Under the provisions of the exchange control law, when a person leaves India for business or employment purposes or for any other reason with an intention to stay outside India for an uncertain period such person may be considered as a “Person Resident Outside India”. Further, when such person permanently returns to India, then he or she may be called as a Person Resident in India.
Accordingly, basing on the residential status under the provisions of the exchange control law or by permission of the Reserve Bank of India an individual can maintain an NRE account and interest income earned from such account is tax-free in India as per the provisions of income tax laws in India. A taxpayer must report such interest income while filling the ITR under the Scheduled Exempt Income category as exempt.
According to taxation laws of India, the income earned by the NRIs in India is taxable and NRIs are subject to tax if the income is earned in India. The accrual of funds through various investments including dividends or interest, receiving rent on property, collecting consulting fees are some of the examples of income earned in India for NRIs. As mentioned earlier, an NRI is obliged to pay taxes on such amounts. Some of the examples of where the NRI has to pay taxes are mentioned below:
It is to be noted that all the earnings received in the NRIs account whether it is earned in India or foreign countries, the tax implication of NRO account will come. According to the taxation laws of India, the earnings received through the NRO account is taxed at the rate of 30% plus the applicable cess and surcharge.
Although there is an NRO taxation implication, an NRI can take advantage from the Double Taxation Avoidance Agreement (DTAA). A Double Taxation Avoidance Agreement refers to a scheme that is signed by Indians with more than 90 countries across the globe so that NRIs can claim the tax credits while filing taxes in the residence country by following a few simple procedures as per the DTAA agreement. Accordingly, an NRI can earn the tax credit for the taxes paid in India against the tax liability of the country of his or her residence.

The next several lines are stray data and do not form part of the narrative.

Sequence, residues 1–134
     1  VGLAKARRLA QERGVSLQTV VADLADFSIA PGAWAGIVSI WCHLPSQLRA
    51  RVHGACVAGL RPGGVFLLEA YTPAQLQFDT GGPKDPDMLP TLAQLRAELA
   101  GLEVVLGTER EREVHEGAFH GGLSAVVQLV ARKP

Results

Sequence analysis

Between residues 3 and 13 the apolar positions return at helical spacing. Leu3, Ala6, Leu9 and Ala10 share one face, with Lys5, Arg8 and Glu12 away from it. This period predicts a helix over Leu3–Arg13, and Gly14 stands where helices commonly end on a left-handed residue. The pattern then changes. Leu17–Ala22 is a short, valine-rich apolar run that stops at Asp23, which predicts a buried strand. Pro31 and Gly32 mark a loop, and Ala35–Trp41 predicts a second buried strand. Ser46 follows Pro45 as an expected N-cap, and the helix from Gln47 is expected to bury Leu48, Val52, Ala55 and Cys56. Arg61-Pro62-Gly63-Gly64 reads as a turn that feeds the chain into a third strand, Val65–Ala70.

In order to get the benefits of the Double Taxation Avoidance Agreement (DTAA), an NRI has to submit the following documents:
As per the law, the interest earned from FCNR account is not subject to tax in India. In simple words, it is tax free in India. However, the interest earned from an FCNR account may be taxable in the country of residence of the NRI and again it depends on the laws and regulations of the country where the NRI resides. Also, it is to be noted that the interest generated from an FCNR account is exempt from tax if the NRI qualifies himself or herself as an NRI or Not Ordinarily Resident in India.
It is also to be noted that the interest earned from the FCNR account may vary from currency to currency. Also, it depends on the bank’s regulations as different banks offer different rates of interest. This can be better analyzed with the help of an example. For example, the interest rate of an FCNR account for 1 year in US currency will be different from Australian currency for the same amount of deposits. Generally, the rate of interest on FCNR deposits accounts are decided by the Board of Directors of that particular bank considering and under the mandatory regulations of the Reserve Bank of India (RBI).
From the above analysis and explanation, it can be concluded that all of these accounts such as NRE, NRO and FCNR are quite different from each other but have significant advantages for the NRI to transfer, invest assets or savings to India.